• Ovarian germ cell tumor is a disease in which malignant (cancer) cells form in the germ (egg) cells of the ovary.
  • Signs of ovarian germ cell tumor are swelling of the abdomen or vaginal bleeding after menopause.
  • Tests that examine the ovaries, pelvic area, blood, and ovarian tissue are used to detect (find) and diagnose ovarian germ cell tumor.
  • Certain factors affect prognosis (chance of recovery and treatment options).

Ovarian germ cell tumor is a disease in which malignant (cancer) cells form in the germ (egg) cells of the ovary.

Germ cell tumors begin in the reproductive cells (egg or sperm) of the body. Ovarian germ cell tumors usually occur in teenage girls or young women and most often affect just one ovary.

Ovarian germ cell tumor is a general name that is used to describe several different types of cancer. The most common ovarian germ cell tumor is called dysgerminoma. See the following PDQ summaries for information about other types of ovarian tumors:

  • Ovarian Epithelial, Fallopian Tube, and Primary Peritoneal Cancer Treatment
  • Ovarian Low Malignant Potential Tumors Treatment

Ovarian Low Malignant Potential Tumors Treatment

Ovarian low malignant potential tumors have abnormal cells that may become cancer, but usually do not. This disease usually remains in the ovary. When disease is found in one ovary, the other ovary should also be checked carefully for signs of disease.

Ovarian, Fallopian Tube, and Primary Peritoneal Cancer Prevention

  • Ovarian, fallopian tube, and primary peritoneal cancers are diseases in which malignant (cancer) cells form in the ovaries, fallopian tubes, or peritoneum.
  • Ovarian cancer is the leading cause of death from cancer of the female reproductive system.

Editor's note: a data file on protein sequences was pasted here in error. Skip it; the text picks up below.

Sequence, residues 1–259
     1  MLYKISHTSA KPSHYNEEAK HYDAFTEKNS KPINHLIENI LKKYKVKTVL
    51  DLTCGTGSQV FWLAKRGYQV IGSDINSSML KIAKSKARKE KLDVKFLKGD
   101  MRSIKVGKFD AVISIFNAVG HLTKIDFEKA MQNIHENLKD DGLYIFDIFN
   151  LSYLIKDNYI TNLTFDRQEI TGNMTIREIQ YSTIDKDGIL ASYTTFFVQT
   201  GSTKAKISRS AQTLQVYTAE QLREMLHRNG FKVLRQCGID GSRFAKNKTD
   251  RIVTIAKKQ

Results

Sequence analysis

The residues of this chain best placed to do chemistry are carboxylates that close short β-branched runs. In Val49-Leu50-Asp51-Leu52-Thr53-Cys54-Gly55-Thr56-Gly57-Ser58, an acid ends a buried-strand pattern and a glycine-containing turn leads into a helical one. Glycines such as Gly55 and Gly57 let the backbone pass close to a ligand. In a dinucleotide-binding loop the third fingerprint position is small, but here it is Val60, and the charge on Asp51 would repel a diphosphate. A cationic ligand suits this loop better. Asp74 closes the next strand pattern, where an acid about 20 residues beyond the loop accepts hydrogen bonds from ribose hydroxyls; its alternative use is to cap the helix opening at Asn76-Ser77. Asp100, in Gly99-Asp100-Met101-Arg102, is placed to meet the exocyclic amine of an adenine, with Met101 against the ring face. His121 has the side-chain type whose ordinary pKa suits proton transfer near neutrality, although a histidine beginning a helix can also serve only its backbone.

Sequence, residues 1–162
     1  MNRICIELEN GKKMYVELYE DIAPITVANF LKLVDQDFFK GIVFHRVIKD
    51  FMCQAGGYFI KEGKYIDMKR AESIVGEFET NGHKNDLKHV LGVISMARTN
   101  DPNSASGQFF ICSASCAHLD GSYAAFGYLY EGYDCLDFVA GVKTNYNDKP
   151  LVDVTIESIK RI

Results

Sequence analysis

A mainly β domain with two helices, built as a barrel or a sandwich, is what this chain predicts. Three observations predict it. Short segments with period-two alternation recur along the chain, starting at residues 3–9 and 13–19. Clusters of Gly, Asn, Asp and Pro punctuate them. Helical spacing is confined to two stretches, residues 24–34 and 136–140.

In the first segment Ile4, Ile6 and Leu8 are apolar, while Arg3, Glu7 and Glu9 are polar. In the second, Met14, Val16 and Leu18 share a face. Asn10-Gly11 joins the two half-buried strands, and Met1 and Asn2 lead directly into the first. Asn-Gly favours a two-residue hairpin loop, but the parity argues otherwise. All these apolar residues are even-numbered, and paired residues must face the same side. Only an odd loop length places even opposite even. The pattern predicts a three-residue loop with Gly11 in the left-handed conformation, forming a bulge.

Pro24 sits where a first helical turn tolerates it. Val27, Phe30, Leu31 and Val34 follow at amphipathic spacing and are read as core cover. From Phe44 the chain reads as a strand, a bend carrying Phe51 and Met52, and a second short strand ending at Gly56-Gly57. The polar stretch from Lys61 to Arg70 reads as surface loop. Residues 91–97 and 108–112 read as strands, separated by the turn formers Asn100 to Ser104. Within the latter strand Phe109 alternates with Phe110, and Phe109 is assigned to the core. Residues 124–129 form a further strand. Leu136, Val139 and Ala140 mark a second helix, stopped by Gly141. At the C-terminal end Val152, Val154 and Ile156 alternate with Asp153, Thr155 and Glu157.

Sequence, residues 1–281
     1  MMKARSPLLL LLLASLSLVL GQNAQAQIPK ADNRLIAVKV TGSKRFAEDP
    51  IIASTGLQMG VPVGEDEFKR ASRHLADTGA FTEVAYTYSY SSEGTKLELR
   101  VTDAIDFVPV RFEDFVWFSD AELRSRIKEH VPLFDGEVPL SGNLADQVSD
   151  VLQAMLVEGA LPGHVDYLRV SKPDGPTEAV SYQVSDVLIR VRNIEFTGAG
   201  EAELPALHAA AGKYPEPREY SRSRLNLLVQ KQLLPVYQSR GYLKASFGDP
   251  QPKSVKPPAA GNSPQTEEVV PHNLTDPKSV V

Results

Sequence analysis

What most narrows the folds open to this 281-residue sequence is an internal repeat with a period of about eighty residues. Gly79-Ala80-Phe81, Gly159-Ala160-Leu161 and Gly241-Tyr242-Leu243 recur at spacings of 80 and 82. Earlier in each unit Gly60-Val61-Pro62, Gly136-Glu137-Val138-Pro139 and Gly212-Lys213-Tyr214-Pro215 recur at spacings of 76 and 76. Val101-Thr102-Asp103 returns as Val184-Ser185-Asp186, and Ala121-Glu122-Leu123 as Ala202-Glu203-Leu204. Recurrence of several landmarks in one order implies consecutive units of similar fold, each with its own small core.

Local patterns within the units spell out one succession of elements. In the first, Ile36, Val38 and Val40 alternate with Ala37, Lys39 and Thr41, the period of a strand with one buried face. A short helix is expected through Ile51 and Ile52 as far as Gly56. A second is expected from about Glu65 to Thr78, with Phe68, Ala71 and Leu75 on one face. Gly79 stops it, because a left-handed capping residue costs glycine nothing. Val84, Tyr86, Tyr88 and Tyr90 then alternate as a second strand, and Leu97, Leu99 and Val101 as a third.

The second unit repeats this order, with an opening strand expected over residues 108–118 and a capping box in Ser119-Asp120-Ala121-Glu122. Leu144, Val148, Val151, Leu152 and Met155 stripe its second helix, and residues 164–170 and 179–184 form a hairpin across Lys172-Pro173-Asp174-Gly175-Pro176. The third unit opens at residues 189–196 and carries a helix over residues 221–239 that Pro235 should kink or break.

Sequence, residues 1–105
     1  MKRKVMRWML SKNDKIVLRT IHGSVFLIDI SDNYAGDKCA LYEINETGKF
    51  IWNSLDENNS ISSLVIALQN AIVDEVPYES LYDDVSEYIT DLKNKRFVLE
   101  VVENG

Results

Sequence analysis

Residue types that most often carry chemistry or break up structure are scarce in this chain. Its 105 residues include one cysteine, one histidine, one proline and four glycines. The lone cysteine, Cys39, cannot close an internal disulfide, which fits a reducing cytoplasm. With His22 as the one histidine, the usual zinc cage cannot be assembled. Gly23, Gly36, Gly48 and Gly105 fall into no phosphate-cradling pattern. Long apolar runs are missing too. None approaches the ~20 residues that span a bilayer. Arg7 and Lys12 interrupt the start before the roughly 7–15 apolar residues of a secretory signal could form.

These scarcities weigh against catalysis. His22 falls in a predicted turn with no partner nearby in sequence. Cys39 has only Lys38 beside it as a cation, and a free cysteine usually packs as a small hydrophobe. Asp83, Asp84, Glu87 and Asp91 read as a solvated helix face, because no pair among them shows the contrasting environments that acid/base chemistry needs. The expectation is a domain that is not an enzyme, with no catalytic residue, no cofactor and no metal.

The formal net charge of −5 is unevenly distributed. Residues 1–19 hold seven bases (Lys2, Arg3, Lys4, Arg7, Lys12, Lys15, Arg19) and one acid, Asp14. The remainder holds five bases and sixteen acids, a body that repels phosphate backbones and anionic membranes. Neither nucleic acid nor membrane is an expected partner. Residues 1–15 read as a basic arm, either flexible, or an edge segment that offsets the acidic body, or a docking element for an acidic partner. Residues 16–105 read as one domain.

Ovarian, Fallopian Tube, and Primary Peritoneal Cancer Screening

Scientists study screening tests to find those with the fewest harms and most benefits. Cancer screening trials also are meant to show whether early detection (finding cancer before it causes symptoms) helps a person live longer or decreases a person’s chance of dying from the disease. For some types of cancer, the chance of recovery is better if the disease is found and treated at an early stage.

 

What is Cancer?

  • Cancer can start almost anywhere in the human body, which is made up of trillions of cells. Normally, human cells grow and divide to form new cells as the body needs them. When cells grow old or become damaged, they die, and new cells take their place.

  • Cancer prevention is action taken to lower the risk of getting cancer. This can include maintaining a healthy lifestyle, avoiding exposure to known cancer-causing substances, and taking medicines or vaccines that can prevent cancer from developing.

  • Cancer can cause many different symptoms. Most often these symptoms are not caused by cancer, but by benign tumors or other problems. If you have symptoms that last for a couple of weeks, your doctor will do a physical exam and order tests or other procedures to find out what is causing your symptoms.